How great are these? They’re the absolute antithesis of throwaway snap-happy photo culture. Photographer Kasia Wozniak is the kind of girl who likes labour-intensive, all-consuming work when it comes to her craft, and so chooses to use a process entitled “wet plate collodion” in order to achieve the desired end-result.
“It is one of the first photography techniques, dating back to the middle of the 19th century,” Kasia told us. “It was invented by Frederic Scott Archer in 1839. The photograph is an outcome of a photographic ceremony, starting with the preparation of chemical solutions. You pour the negative emulsion onto the glass plate, which is then placed in the camera and exposed to the subject. The ceremony finally ends with developing the image in the darkroom. The fixed plate then becomes a hand crafted photograph. ” Wow! That beats everyone else’s boring Instagram photos any day!
- Art and About: Charlotte Trounce celebrates the architectural beauty of museums and galleries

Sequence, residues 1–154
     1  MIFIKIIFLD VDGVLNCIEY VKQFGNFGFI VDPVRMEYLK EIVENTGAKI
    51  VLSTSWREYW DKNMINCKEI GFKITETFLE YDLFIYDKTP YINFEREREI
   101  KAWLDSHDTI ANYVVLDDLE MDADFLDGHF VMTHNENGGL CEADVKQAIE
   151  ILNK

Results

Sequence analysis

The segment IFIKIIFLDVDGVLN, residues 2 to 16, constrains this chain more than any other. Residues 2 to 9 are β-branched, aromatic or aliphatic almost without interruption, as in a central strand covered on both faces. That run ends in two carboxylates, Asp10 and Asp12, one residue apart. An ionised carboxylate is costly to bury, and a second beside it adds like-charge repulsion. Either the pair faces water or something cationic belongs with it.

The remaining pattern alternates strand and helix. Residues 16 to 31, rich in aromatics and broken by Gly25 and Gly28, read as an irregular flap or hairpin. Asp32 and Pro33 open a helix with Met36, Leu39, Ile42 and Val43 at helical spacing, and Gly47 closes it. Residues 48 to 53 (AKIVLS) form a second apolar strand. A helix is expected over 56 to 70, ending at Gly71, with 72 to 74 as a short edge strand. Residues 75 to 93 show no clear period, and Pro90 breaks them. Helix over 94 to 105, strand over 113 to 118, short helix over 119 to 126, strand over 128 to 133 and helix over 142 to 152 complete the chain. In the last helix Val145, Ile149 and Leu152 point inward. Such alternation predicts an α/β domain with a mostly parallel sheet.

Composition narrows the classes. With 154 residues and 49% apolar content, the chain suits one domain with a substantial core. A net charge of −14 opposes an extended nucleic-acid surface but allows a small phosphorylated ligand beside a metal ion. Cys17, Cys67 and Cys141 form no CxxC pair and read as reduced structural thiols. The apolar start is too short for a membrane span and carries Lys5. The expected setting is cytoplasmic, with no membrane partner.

- Riikka Laakso’s screenprinted zine is a tribute to Moomin author Tove Jansson
- Sandy Van Helden’s illustrations of contemporary culture
- Bompas & Parr explores the strange world of sploshing (NSFW)
- The stylistic punch of Dexter Lander's photography
- Shun Sasaki’s designs burst with colour and kawaii appeal
- Kodak returns to its 1970s symbol, joining the retrobrand bandwagon
- Kodak unveils the Ektra: its first ever smartphone
- Working Not Working reveals the top 50 companies creatives would kill to work for
- William Knight's socially conscious portfolio of graphic design
- Juan Aballe’s photographs of pastoral landscapes filled with wanderlust
- Exclusive first interview with new UK Vice.com editor Jamie Clifton